Starring Leonardo DiCaprio, Joseph Gordon-Levitt, Ellen Page, Tom Hardy, Ken Watanabe, Dileep Rao, Cillian Murphy, Tom Berenger, Marion Cotillard, Pete Postlethwaite, Michael Caine, Lukas Haas and Talulah Riley.
Screenplay by Christopher Nolan.
Directed by Christopher Nolan.
Distributed by Warner Bros. 148 minutes. Rated PG-13.
Christopher Nolan has made something of a specialty out of making movies as a giant mind fuck.
From his early days with the elegant technical exercise Memento to his current notoriety for the latest reboot of the Batman series, Nolan’s work always has a hazy and slightly disorienting nightmare quality.
Inception may be his most labyrinthine psychodrama yet, and it is also one of his best.
And, fittingly, the dreamy state of the auteur’s filmmaking is made specific. Inception is a film that almost totally treads in the landscape of dreams.
Little things like logic and reality are not a concern here, simply because they are not an option in a dream. As one character points out, a dream feels completely real when you are experiencing it. It is only when you wake that it somehow feels wrong.
Dream worlds are a dicey proposition for even the most disciplined filmmaker. French director Michel Gondry (Eternal Sunshine of the Spotless Mind, The Science of Sleep) seems to have come closest to capturing the trance state, and Tarsem Singh’s The Cell had fascinating hallucination sequences interspersed with a rather predictable realistic serial killer plot.
However, Nolan’s Inception comes wonderfully close to capturing the oddly off-kilter world behind the wall of sleep.
The concept behind this very, very high concept film is as complicated and limitless as it is ultimately simple. A group of futuristic (there is no exact time frame given, but Inception seems to take place in the near future) thieves realize that there is no place that human beings are more vulnerable than in the dream state. Therefore, they create a method to invade people’s dreams, where they can manipulate what is happening and cause the subconscious to give secrets and information of real world riches.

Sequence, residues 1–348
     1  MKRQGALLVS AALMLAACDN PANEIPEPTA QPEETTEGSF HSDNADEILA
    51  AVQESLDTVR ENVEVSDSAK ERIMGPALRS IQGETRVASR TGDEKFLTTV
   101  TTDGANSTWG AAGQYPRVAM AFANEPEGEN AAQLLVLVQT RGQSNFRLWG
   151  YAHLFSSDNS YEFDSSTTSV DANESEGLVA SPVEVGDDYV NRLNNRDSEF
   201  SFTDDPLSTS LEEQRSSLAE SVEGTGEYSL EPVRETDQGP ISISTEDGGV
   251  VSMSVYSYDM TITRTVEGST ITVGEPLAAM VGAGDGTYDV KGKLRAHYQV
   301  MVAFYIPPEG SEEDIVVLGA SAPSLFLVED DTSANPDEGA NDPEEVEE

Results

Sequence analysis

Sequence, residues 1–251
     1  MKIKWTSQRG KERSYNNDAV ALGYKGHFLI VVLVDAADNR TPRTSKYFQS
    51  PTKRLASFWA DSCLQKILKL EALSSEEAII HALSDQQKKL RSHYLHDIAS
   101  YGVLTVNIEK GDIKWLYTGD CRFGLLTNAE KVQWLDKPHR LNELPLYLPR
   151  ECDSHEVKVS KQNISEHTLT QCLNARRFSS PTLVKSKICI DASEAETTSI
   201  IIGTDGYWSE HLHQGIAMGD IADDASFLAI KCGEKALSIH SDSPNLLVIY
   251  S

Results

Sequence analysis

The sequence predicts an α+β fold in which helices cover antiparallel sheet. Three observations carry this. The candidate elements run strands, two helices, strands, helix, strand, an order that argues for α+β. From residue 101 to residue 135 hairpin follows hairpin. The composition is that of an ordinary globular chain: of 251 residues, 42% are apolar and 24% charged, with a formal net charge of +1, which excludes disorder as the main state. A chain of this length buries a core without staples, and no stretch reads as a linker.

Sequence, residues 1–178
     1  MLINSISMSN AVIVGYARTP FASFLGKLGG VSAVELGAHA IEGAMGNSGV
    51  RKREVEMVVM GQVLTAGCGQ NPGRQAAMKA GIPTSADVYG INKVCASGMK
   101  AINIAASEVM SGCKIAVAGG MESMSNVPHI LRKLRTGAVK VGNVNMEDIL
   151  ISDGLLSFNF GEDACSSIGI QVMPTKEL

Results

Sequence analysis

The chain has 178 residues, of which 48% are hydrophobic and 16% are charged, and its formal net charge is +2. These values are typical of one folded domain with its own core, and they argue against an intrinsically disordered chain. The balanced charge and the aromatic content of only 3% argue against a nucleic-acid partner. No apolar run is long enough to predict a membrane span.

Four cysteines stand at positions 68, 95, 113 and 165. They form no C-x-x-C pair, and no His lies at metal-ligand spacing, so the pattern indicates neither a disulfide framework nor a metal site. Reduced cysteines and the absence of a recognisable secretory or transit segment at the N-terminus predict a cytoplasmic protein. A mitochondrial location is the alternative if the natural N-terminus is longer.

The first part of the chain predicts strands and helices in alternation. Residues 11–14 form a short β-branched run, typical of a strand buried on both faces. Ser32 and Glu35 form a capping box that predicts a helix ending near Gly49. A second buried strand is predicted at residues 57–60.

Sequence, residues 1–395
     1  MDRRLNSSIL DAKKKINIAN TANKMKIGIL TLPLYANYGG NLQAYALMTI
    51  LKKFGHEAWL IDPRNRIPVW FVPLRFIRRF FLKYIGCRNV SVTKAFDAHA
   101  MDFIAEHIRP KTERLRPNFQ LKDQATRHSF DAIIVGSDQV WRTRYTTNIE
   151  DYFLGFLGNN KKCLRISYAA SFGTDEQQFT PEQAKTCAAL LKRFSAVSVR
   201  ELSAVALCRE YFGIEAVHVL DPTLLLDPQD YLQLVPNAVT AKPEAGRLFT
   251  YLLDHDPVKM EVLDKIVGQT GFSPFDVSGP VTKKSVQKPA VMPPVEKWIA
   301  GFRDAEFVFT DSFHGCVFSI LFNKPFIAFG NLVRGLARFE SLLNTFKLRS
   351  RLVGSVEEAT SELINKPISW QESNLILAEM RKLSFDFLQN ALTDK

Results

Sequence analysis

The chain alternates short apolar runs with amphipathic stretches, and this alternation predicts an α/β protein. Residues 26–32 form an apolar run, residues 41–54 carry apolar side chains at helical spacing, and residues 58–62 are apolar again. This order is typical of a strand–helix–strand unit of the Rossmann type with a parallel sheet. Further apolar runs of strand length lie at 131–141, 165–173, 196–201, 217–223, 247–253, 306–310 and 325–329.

As a film that takes place almost entirely in a dream state, of course normal rules of gravity and logic are out the window. This leads to a series of arresting visual effects – the most stunning of which are probably the city of Paris folding in on itself and a desolate beach city crumbling down into the water.
Of course, this constant dream state also somewhat saps the action of gravity. As the characters say several times throughout the film, when you die in a dream it simply means that you will wake up – though eventually this safety valve seems to become stuck.
However, these incredible scenarios are tethered by a strong set of performances – including Leonardo DiCaprio and Joseph Gordon Leavitt as two of the thieves, Ellen Page as one of their new accomplices, Cillian Murphy as the latest victim and Marion Cotillard as a late wife who becomes a ghost haunting one of our heroes’ subconscious.
They act like this all makes perfect sense and somehow due to the strong filmmaking and acting, it actually kind of does.
Or at least it is like a dream. It feels completely realistic when you are experiencing it. It’s only when you leave the theater that some parts somehow feel wrong. However, the experience is such an interesting one that some slight flaws are easy to overlook.
Inception might be one of the most complex films to ever become a box office smash. For the most part, I think that massive wave of existential viewing is a very good thing for the world.
Jay S. Jacobs
Copyright ©2010 PopEntertainment.com. All rights reserved. Posted: November 27, 2010.